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Commonwealth & Dominion Line
Port Line

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Following the amalgamations new jointly operated shipping companies were formed to cater for the changed marketing needs. The first of these companies was the Atlas Line which operated to Japan from the Australian ports, the first ship operating the route being the Port Albany. A new funnel design was devised based on the Blue Star format as was that of the Compass Line which was formed to operate services between South Africa and Australia. The Compass Line commenced operations in 1969 with the Port Melboune and Blue Star's Hobart Star and Newcastle Star but Port Line withdrew in 1971 because the route proved to be unprofitable. In March of 1969 the Actanz Line was formed for the purpose of bringing together all the remaining conventional cargo vessels belonging to Port Line, Blue Star and Ellerman's under the management of Blue Star Port Lines (Management). At the same time the M.A.N.Z. service was replaced by PACE (Pacific America Container Express), an ACT subsidiary which maintained Port Line's share in the service.

Changes were also taking place within the parent company, Cunard. In 1970 Cunard Cargo Shipping Services Ltd. was incorporated to co-ordinate the activities of Cunard-Brocklebank, Port Line, Moss Tankers and Offshore Marine. There was still a need for some conventional cargo ships and this company deployed ships to satisfy that area of trade. For example, cars and other wheeled machinery would be loaded in the refrigerated cargo spaces and unloaded in the Middle East and Persian Gulf during the outward voyage to Australia where frozen produce would be loaded for the homeward voyage.

In 1971 Port Line Ltd moved into Blue Star's Albion House in Leadenhall St. as part of the Blue Star Port Line (Management) consolidation.


In August 1971 Cunard was taken over by Trafalgar House Investments Ltd. Lord (Victor) Mathews replaced Sir Basil Smallpiece as the chairman of Cunard and Norman Thompson became the chairman of Port Line to oversee the reorganisation which followed the take over. However, the consolidation by the the new owners resulted in William Slater of Cunard-Brocklebank becoming chairman of Port Line on 1st January 1972.

The role of 'Blueport' was also changed. Instead of operating the ships it managed the new arrangement was that they would be chartered to the 'Blueport' with the crewing and control reverting to the owners. This rectified the unhappy situation which had arisen where crews and traditional operating traditions became mixed resulting in bureaucratic, cumbersome and inefficient practices.

In 1972 the fleet comprised 18 ships and during the year nine were disposed of demonstrating the dramatic effect that containerisation was having on the shipping industry. The ships sold were the Port Adelaide, the Port Albany, the Port Burnie, the Port Huon, the Port Melbourne, the Port Montreal, the Port Pirie, the Port Sydney and the Port Townsville. On 29th September 1972 Port Line withdrew from Crusader Shipping as the venture was unprofitable, their share being taken over by the other two members. In 1973 Joint Cargo Services Ltd divided into two and Port Line's office in Sydney was moved to ACT (A).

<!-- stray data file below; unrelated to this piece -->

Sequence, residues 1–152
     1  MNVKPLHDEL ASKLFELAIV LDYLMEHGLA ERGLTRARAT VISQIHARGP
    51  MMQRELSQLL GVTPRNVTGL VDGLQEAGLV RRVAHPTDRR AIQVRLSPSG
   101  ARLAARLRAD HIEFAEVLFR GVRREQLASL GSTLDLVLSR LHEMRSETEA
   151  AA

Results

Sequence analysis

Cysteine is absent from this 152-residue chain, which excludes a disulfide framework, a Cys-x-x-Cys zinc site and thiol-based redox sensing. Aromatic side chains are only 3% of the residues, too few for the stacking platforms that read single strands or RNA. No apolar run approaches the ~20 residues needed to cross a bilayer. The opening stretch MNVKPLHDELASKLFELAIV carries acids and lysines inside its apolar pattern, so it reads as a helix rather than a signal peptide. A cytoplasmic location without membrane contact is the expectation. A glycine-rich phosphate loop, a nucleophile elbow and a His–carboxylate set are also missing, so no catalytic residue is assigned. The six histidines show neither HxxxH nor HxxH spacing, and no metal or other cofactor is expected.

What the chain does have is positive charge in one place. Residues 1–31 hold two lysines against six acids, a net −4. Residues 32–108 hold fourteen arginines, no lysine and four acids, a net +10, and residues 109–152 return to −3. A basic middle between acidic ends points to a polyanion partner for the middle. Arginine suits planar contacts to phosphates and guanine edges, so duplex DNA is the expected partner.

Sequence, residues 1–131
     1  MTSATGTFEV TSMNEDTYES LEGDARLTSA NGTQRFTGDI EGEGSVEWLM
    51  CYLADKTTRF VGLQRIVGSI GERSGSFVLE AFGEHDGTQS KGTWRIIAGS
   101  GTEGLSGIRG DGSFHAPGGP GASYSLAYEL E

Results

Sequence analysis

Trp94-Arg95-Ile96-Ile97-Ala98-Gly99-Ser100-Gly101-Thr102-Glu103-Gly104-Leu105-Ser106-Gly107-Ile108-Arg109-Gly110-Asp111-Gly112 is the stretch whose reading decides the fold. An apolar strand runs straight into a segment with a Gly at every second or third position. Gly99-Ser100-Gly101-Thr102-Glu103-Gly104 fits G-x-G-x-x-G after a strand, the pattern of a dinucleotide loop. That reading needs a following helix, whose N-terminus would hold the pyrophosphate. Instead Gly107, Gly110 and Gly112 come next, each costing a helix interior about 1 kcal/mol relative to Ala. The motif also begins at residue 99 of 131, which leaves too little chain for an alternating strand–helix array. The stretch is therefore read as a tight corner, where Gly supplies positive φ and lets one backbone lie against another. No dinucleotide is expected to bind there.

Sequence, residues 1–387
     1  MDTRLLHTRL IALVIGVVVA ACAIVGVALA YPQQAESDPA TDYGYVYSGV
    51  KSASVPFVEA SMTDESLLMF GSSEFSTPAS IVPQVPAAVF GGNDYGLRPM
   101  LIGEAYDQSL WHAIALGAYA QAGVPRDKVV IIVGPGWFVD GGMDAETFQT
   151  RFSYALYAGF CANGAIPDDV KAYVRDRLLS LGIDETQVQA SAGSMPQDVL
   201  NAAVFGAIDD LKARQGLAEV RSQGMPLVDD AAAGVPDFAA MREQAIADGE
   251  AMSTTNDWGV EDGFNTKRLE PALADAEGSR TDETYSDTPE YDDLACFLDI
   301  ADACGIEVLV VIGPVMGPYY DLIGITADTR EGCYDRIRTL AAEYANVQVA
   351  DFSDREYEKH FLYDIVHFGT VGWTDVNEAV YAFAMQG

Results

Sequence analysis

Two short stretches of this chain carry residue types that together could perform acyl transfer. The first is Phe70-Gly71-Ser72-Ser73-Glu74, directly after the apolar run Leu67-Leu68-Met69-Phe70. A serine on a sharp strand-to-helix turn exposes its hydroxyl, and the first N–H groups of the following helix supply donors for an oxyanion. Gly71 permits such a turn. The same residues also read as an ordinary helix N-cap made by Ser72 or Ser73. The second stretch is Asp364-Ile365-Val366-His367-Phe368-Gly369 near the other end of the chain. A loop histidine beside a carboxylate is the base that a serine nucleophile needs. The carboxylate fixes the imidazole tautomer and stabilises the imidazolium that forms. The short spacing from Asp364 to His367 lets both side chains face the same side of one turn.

By this time containerisation was making huge inroads into traditional shipping operations and, as a result, in 1974 the conventional cargo services operated jointly by Port Line and Blue Star were terminated and Blue Star Port Lines (Management) Ltd ceased to operate. In September of 1974 the group's remaining conventional cargo ships came under the control of Cunard-Brocklebank's Board Executive Committee and with that decision Port Line was finished as an autonomous business entity.

The Port Victor, the Port Jackson and the Port Wellington at Hobart
(Photo: James Martin)

The run down continued and the fleet was reduced to five ships when the Port Launceston was sold in 1977 comprising the Port Alfred which had been built for the M.A.N.Z. service, the Port New Plymouth, the Port Nicholson, the Port Caroline and the Port Chalmers. In the following year it was decided to centralise the crewing of all Cunard's ships and, at the same time, Port Line's separate ship identity also disappeared. In September 1978 the activities of Port Line (Australia) Ltd. were transferred to the Associated Container Transportation (Australia) and with that move the Port Line name was no longer visible in Australia.

Also in 1978 the Port Alfred was transferred to the Cunard Steam Ship Co. reducing the fleet at the beginning of 1979 to four ships. The Port New Plymouth and the Port Nicholson were sold for scrap and the Port Caroline and the Port Chalmers were laid up in the River Fal until, in 1981, they were transferred to the Brocklebank fleet where they continued in service for another two years before being sold to foreign owners.

Port Line was a victim of the container revolution but as a tribute to a splendid British company, every ship that the company ordered for its fleet was built in Britain..

The Fleet

Atlas Line "Vintage Port"
All former employees of the Port Line Ltd are encouraged to join "Vintage Port", whose objectives are the continuance of contact between those employed by Port Line Ltd prior to March 1968. There is no annual subscription and the cost of annual reunions in London is born by those attending. Applications for membership should be made to the Secretary, Cyril Simmons, at
Vintage Port maintains a web site at where there are a substantial number of photos of Port Line vessels as well as other relevant documents. Access to the site is provided, free of charge, to all members of Vintage Port. Applications from persons who were not employed by the Port Line but wish access to the site for a specific purpose will be given careful consideration.

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